Measuring pH and Buffer Capacity in Fluids Aspirated from the Fasted Upper Gastrointestinal Tract of Healthy Adults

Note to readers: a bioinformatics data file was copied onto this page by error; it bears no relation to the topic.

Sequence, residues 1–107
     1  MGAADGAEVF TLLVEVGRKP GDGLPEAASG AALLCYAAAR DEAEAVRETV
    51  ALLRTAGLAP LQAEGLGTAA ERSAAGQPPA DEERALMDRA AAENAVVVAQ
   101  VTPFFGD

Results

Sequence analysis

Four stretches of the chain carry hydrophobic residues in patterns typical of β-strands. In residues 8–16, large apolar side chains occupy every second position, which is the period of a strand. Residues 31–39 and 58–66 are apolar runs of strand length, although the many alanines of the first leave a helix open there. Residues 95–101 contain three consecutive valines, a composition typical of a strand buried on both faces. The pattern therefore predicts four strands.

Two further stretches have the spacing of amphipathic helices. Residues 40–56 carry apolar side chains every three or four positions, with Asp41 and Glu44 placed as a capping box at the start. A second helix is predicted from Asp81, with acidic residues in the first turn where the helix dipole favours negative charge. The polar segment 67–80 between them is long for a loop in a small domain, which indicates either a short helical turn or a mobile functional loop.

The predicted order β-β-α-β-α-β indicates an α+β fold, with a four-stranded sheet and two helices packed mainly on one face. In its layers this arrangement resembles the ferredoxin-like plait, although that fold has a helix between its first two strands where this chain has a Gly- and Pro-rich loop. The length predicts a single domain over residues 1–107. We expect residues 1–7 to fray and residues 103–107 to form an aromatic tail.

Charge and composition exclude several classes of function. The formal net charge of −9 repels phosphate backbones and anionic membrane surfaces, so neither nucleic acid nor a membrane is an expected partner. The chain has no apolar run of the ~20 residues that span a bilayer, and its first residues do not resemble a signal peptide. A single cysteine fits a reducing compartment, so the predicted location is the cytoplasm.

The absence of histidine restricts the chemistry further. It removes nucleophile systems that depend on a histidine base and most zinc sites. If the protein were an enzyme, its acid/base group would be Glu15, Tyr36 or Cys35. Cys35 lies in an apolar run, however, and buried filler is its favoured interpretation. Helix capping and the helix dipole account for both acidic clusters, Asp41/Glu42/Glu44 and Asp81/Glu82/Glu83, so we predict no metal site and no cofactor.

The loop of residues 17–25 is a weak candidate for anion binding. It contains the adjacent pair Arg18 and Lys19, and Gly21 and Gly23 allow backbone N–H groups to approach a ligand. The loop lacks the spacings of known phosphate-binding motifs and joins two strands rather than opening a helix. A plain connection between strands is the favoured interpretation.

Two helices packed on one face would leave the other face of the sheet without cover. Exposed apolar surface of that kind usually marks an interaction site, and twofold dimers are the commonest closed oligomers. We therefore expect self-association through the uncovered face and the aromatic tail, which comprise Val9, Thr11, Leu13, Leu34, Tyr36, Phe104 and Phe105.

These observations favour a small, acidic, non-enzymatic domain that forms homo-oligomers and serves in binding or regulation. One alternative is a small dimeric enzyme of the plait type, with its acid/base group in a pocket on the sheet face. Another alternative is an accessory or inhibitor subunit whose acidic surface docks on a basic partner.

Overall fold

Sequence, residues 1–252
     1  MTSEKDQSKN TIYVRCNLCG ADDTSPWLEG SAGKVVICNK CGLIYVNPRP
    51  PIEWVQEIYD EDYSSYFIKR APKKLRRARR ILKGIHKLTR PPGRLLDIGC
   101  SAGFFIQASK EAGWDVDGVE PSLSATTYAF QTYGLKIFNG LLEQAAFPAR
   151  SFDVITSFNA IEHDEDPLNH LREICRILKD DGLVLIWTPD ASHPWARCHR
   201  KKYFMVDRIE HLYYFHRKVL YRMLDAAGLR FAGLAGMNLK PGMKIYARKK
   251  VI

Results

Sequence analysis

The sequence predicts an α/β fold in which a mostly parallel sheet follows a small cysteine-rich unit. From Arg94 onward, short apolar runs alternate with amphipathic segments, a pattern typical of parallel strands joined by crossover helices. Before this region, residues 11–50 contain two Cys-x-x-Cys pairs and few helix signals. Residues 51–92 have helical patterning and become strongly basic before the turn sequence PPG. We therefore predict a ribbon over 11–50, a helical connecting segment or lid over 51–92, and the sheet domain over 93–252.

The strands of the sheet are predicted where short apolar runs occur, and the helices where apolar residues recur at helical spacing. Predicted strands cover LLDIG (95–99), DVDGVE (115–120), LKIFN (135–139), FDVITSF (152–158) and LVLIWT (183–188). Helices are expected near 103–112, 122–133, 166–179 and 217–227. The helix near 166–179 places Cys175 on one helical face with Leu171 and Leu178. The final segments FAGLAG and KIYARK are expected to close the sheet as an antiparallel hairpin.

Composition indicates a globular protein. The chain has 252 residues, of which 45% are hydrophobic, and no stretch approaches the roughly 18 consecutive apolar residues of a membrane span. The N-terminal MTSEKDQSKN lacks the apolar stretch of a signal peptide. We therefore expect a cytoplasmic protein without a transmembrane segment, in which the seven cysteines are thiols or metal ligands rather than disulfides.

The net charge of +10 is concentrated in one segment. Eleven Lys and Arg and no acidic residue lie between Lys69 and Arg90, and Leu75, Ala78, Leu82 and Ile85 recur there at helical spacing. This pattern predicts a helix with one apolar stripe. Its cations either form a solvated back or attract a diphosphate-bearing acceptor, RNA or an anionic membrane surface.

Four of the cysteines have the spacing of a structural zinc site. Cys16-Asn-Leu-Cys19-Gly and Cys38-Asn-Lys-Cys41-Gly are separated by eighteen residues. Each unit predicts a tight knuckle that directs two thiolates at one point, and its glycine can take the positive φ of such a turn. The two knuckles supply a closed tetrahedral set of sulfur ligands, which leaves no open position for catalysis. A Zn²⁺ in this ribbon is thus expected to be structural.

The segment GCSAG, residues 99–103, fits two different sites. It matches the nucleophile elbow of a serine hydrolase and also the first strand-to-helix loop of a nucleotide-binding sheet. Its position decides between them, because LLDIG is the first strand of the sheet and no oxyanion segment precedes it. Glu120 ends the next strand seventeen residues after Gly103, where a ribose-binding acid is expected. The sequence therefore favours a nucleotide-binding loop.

Purpose: The design of biorelevant conditions for in vitro evaluation of orally administered drug products is contingent on obtaining accurate values for physiologically relevant parameters such as pH, buffer capacity and bile salt concentrations in upper gastrointestinal fluids. Methods: The impact of sample handling on the measurement of pH and buffer capacity of aspirates from the upper gastrointestinal tract was evaluated, with a focus on centrifugation and freeze-thaw cycling as factors that can influence results. Since bicarbonate is a key buffer system in the fasted state and is used to represent conditions in the upper intestine in vitro, variations on sample handling were also investigated for bicarbonate-based buffers prepared in the laboratory. Results: Centrifugation and freezing significantly increase pH and decrease buffer capacity in samples obtained by aspiration from the upper gastrointestinal tract in the fasted state and in bicarbonate buffers prepared in vitro. Comparison of data suggested that the buffer system in the small intestine does not derive exclusively from bicarbonates. Conclusions: Measurement of both pH and buffer capacity immediately after aspiration are strongly recommended as ""best practice"" and should be adopted as the standard procedure for measuring pH and buffer capacity in aspirates from the gastrointestinal tract. Only data obtained in this way provide a valid basis for setting the physiological parameters in physiologically based pharmacokinetic models.